A failure to close out majors prevents the American golfer from becoming one of the greats of the game.
Phil Mickelson has to grin and bear it yet again
The smile remained fixed on Phil Mickelson's face long after the circumstances of the day should have wiped it off.
It stayed there through a missed two-footer and after the final iron shot he sent deep into the grandstands on the 18th hole when the British Open had all but been decided.
That yet another major championship had slipped away did not seem to matter. Or maybe it did, and this was Mickelson's way of dealing with the two-footer that sealed his fate just like so many missed short putts from championships before.
"Just a stupid mistake," Mickelson said. "There was nothing to it."
If you had just tuned in as Mickelson walked off the 18th green, laughing with his caddie, you would not have realised that for a time he had a very real chance to win his first British Open.
You would not have guessed that at one point he had surged into a tie for the lead, only to let yet another one get away.
You would not have known that it was all because his new attitude was just to have fun and let the putts fall where they may.
This is, after all, a guy who knows how to take defeat well.
"That was some of the most fun I've had competitively," Mickelson said. "It was really a fun start, and it was exciting."
Indeed it was, for as long as it lasted. They do not call him "Phil the Thrill" for nothing, yet Mickelson still needs to learn how to close out a golf tournament.
That has been a problem for him for a long time now. It has made a career that might have been great merely pretty good.
A lot of close calls in major championships. Not nearly enough wins.
The pattern continued on Sunday on the links on the south-east coast of England, where Mickelson did well to make a contest of things when no one else seemed to want to challenge Darren Clarke. A 20-footer on the sixth hole got him close, and a long eagle putt on the next hole put Mickelson five under for the day and suddenly in a tie for the lead.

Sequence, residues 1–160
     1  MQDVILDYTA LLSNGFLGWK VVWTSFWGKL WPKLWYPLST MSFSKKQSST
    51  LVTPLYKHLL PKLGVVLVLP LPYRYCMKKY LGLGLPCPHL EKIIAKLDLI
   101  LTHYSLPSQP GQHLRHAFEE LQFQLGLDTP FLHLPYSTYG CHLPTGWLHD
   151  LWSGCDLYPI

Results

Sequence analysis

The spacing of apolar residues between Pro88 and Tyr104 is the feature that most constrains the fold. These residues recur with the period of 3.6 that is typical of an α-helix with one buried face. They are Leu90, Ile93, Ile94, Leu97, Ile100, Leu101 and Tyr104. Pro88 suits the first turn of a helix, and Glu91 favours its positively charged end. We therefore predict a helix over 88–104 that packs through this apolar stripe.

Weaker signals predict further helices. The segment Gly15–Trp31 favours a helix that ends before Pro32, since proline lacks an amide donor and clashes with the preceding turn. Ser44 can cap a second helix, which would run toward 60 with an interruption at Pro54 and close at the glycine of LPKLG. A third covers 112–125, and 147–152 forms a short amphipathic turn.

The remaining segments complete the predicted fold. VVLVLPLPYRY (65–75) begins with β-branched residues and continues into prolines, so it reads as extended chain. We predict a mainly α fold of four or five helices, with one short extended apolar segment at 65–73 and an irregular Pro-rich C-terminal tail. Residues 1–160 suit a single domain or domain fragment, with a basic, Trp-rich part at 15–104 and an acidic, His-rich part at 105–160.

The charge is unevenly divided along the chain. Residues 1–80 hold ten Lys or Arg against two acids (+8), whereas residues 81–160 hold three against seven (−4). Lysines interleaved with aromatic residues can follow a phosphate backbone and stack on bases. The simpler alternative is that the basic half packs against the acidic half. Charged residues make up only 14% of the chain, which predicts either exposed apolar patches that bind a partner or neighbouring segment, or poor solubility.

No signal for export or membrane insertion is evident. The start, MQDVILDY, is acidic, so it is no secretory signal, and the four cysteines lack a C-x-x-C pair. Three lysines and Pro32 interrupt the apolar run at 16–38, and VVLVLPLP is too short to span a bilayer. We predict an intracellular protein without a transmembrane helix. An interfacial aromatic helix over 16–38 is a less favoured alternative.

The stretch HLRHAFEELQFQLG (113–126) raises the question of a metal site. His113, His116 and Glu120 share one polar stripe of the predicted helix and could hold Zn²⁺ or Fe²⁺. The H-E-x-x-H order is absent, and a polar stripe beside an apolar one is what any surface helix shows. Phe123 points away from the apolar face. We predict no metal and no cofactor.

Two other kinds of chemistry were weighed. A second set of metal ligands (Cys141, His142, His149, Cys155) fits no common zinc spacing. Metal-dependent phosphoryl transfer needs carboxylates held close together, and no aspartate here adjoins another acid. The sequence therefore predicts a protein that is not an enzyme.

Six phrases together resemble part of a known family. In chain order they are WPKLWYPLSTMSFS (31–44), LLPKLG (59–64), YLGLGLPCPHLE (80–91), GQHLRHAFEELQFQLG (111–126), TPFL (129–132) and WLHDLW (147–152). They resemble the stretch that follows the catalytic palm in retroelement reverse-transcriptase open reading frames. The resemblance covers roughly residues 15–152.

Almost as quickly, though, he faded. And it began - as almost all Mickelson meltdowns begin - with a missed short putt.
This one came on the 11th on a par putt so short it was shocking. Mickelson pushed it for a bogey, the first of four he would make over six holes.
By the time he hit an iron shot into the fifth row of the grandstand well right of the 18th green, it no longer mattered.
Mickelson would finish tied with Dustin Johnson, three shots back. Instead of getting his name on the coveted Claret Jug, he got it on a silver tray.
About the only consolation to Mickelson is that he had not had that feeling at the British Open very often. His record here is his worst at any of the majors, with only two top 10s in 17 tries. He has never won a British or a US Open, though now he can add his second-place finish to his five runners-up in the other Open. Overall, Mickelson has 17 top-three finishes in 76 major championships, with three US Masters titles and one PGA Championship to show for it.
He did not talk about all the close calls afterward, preferring instead to focus on what he said was a new attitude where he tries to be upbeat and have as much fun as possible on the golf course.
He believes his game has suffered in recent years because he has not done that, though he has also had to deal with his wife, Amy, undergoing treatment for breast cancer at the same time.
Mickelson said earlier in the week he was hitting the ball better than he ever had before, and he lurked around par through the first three rounds.
But while he is usually a focal point in big tournaments, no one paid him much attention until he came out and shot 30 on the front nine of a course that is tough to play even in the best conditions.
If Mickelson could not win, he was happy that Clarke could.
Mickelson and his wife held hands in solidarity with Clarke at the 2006 Ryder Cup closing ceremony in Ireland after the death of his wife, Heather.
And Clarke was one of the first to call Mickelson to talk about what to expect when Amy was diagnosed with the disease.
Mickelson waited off the 18th green after signing his scorecard so he could congratulate his friend on his first major championship win.
This time, he had something to really smile about.